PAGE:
I'd love to be like Anthony Trollope.
     
  5. HotfireLegend
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    HotfireLegend Member

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    Wow, Anthony seems really disciplined. Postman work starts at what, 6-7am? That means he's getting up at 4 ish am to do his novels 0_o

    As for novel writing, I guess it depends on length and if you know what you're going to write. If you don't know, you're certainly going to be a lot slower than someone who knows.
     
  6. darkhaloangel
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    darkhaloangel Active Member

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    I watched the biopic of Enid Blyton the other day and discovered she wrote 6000 words a day, and published, in some years 23 books. Granted some were pretty short, but she did write some right ole' tomes as well.
     
  7. Tesoro
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    Tesoro Contributing Member Contributor

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    :eek: :eek:

    I would love to have that discipline too, but unfortunately even I start at 7 and I appreciate my sleep too much to get up 2,5 hours before I have to, even to do something I love, like writing. Besides, I write best in the evenings, when my brain is more "awake". (and have had plenty of coffees during the day, LOL)
    I agree with you, someone that has the entire novel outlined (like I think most of these writers do) must work a lot quicker than someone that is making everything up as he goes along. I wrote my first draft in 2,5 months and I thought that was fast, lol. but I had been thinking about it for years. The second draft took something similar while the third one was done after only four weeks (took the one-month-novel-writing-challenge) but that ws only 42K, so I don't know if you can even call it novel. :)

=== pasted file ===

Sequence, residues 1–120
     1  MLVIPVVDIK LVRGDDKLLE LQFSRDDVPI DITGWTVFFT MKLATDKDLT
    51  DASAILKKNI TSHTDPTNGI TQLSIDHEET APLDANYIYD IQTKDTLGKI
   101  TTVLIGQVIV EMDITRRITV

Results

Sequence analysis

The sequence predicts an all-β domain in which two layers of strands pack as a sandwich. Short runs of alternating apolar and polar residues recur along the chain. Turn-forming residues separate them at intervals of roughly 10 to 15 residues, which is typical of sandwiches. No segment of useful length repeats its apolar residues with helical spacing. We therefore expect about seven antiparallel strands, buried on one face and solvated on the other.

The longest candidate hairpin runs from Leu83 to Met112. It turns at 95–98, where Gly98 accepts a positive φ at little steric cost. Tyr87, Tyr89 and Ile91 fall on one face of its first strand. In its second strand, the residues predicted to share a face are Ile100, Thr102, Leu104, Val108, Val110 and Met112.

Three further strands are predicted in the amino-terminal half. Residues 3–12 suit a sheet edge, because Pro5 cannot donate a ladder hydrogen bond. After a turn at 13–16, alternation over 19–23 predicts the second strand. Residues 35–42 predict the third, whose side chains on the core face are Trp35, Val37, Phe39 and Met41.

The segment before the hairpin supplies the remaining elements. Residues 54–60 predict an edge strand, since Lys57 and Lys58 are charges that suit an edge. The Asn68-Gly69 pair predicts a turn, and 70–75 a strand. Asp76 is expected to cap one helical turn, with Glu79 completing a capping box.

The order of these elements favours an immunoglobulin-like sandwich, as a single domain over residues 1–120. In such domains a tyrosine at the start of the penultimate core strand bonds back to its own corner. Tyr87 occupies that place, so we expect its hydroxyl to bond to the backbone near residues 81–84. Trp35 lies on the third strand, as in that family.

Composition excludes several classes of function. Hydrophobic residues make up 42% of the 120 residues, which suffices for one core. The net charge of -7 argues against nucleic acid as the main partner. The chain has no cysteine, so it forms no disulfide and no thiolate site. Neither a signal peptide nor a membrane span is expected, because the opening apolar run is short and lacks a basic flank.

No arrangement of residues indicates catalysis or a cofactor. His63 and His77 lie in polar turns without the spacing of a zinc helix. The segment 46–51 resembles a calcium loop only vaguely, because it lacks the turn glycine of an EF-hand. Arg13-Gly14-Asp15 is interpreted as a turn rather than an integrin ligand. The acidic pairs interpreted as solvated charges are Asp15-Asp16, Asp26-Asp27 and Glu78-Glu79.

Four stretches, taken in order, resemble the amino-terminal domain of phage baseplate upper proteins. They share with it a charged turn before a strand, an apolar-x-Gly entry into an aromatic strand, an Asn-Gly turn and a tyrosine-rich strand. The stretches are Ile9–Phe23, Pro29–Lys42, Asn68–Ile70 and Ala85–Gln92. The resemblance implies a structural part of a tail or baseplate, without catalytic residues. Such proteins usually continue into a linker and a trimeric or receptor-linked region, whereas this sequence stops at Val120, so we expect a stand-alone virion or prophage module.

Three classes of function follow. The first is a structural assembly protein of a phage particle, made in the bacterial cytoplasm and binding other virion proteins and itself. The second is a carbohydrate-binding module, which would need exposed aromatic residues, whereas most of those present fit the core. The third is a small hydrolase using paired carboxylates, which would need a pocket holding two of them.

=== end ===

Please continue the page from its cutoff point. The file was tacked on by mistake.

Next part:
8. cruciFICTION
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    cruciFICTION Contributing Member Contributor

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    Jesus, posties where you come from get up early. I don't know about where Trollope is from, but here in Australia our mail doesn't come until, like, lunch time at least.
     
  9. Show
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    Show Contributing Member Contributor

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    If they can write novels that quickly, just 2 books published a year seems a little low. :p

    Maybe they can write quickly. But I don't see why you should HAVE to be THAT quick.